Another neat thing that is out right now is WALKING DINOSAURS. It's a life-size show with 'real' walking dinosaurs set to a narrative story. I want to go see it here, but tickets in the nosebleed section are $40.00 and DF can't do the stairs. Handicapped area tickets start at $90- (nice) so it's a no go.

    Something else to check out with your local larger colleges is a real dig site. Here in South Carolina I tried to get Dude hooked up with a professor from USC that was offering a dig for teens a few years back. Had Dude been a straight A student with advanced classes in sciences etc....he could have gone to camp South of Charleston. There is a real-life dig unearthing a dinosaur there. Sadly the man did not want any "troubled" teens mucking up his dig. I hope he gets bit by a T-rex. :mad:

    Also - tell him to check out Dermestid beetles. They are in the Coleoptera family some people call them skin beetle, because well - they eat um...skin. A lot of these places use them to actually clean the flesh off of carcases (no joke) but to see them in action (if you get into that sort of thing) is remarkable. A lot of taxidermist and bone collectors buy them (you really can buy them on the internet) and that's what they are used for. :sick: or :Ddepending on your interest in bugs. Google them - even the Smithsonian has a room JUST for this purpose as do most museums.http://en.wikipedia.org/wiki/Dermestidae VERY destructive and do NOT order them to see what they do - wickedly prolific and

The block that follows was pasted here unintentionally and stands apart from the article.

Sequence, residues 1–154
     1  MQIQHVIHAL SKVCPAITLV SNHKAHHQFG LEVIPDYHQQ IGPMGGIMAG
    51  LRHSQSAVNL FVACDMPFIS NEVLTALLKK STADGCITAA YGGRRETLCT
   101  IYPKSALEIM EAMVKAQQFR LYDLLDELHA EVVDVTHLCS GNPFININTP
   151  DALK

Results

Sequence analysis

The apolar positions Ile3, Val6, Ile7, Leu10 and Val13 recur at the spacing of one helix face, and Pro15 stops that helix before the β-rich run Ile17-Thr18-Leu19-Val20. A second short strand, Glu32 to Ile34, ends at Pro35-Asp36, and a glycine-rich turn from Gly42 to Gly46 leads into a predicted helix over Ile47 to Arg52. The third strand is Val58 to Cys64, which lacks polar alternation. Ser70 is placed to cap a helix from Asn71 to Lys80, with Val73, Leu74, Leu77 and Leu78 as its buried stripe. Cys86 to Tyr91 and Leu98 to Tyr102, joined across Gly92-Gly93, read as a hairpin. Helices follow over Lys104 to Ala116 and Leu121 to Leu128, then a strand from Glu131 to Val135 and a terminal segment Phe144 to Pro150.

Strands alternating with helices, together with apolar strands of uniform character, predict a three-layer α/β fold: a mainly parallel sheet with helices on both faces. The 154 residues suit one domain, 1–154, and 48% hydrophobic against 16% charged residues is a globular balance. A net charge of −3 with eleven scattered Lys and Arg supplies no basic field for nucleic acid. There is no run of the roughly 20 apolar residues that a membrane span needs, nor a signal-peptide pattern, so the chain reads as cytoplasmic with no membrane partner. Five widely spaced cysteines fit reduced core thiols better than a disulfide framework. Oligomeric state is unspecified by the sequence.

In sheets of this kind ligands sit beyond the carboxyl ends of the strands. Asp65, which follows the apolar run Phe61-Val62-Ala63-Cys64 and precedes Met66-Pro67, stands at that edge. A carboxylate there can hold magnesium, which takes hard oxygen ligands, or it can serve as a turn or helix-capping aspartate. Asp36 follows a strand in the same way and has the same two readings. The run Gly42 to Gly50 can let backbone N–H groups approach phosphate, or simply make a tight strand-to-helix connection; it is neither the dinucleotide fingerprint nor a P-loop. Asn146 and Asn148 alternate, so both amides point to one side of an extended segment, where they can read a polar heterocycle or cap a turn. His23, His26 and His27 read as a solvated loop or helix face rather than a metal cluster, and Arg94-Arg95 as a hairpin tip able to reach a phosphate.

Last edited: Aug 16, 2009
  13. Shari

    Shari IsItFridayYet?

    Cool, thanks guys!

    He loves this kind of stuff!
     
  14. Marguerite

    Marguerite Active Member

    My old lecturer was using Dermestid beetles to clean up a platypus epiglottis... and I know she used Dermestids to do the planigale skeleton (that's the marsupial mouse skeleton that fit into a matchbox).

    Build him a garden shed if he gets this far.

    Seriously - a few of us at uni got our hands on a dead rabbit each (from another class, anatomy dissection) and we began the process of getting the skeleton from each one. We learned a lot in the process.

    Marg
     
  15. Star*

    Star* call 911........call 911

    THERE is the Walking with the Dinos - if you get a chance and can afford to go - maybe someone here can comment on it - I'm 40's and would have loved it....